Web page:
Instructional Adequacy Are the directions for the courseware clearly stated? Are goals and objectives stated? Is courseware consistent with outcomes specified in objectives? Is organization of topics easy to follow? Is the courseware free from vague and ambiguous text? Is the basic design sensible? Does courseware provide opportunities for meaningful interaction between the learner and lesson content? Does courseware personalized instruction? Will courseware motivate learners or attract their interest? Are record-keeping capabilities available in the courseware?
Navigation & Information Adequacy Do learners know how to get around? Do they get lost? Is navigation consistent? Are labels meaningful? Does navigation answer : Where am I? What can I do? and what is here? Is navigation hidden? Are links/buttons explicitly describe. Are items group to reflect user expectation Is there a hierarchy to information structure? Is the information sequenced properly?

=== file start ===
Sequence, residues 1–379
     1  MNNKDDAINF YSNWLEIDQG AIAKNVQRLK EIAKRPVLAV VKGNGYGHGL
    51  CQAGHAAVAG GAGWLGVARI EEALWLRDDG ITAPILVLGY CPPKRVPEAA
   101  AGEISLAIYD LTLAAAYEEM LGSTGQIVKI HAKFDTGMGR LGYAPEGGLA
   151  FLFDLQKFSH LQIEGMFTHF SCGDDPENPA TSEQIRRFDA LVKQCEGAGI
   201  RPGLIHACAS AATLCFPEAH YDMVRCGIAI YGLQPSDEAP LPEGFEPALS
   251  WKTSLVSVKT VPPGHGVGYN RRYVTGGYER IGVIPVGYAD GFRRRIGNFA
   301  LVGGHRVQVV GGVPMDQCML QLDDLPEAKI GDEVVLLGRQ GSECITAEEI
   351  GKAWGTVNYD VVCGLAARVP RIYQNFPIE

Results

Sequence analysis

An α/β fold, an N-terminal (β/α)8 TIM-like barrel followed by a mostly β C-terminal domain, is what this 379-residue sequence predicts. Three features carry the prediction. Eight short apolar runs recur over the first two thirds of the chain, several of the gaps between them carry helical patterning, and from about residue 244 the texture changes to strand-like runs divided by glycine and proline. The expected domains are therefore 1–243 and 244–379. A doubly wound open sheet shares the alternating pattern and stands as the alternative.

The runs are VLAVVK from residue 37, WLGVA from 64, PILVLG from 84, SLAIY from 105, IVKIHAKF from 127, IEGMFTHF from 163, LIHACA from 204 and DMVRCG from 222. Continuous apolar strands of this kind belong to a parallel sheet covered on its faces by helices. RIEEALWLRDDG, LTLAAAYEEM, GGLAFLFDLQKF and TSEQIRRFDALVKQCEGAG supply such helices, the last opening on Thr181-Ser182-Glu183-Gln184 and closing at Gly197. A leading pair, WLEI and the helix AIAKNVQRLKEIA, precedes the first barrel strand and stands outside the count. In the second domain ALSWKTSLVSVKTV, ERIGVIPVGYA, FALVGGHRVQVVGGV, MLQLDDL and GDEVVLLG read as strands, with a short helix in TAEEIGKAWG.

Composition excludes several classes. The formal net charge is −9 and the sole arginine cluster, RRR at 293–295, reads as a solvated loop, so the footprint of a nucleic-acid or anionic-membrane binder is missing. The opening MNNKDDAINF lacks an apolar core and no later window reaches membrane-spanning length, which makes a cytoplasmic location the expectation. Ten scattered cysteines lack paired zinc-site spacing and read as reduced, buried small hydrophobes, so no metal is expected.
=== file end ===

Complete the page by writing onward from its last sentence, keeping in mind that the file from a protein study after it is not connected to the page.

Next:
Visual Adequacy Is the screen space use effectively (e.g., is there too much text)? Is the information presented free of crowding and cramming? Is the courseware free from typographical errors? Do colors add to the quality of the courseware? Do graphics add to the quality of the courseware? Does animation or video support learning?
Program Adequacy Does the courseware run as intended? Is the courseware free from conceptual or programming loops (e.g., getting caught in a section and you are unable to go anywhere else)? Does the courseware minimize the disk- management requirements for the learner (e. g., how easy is it for the learner to run/use the courseware)? Does the courseware run efficiently? Does the courseware display information accurately?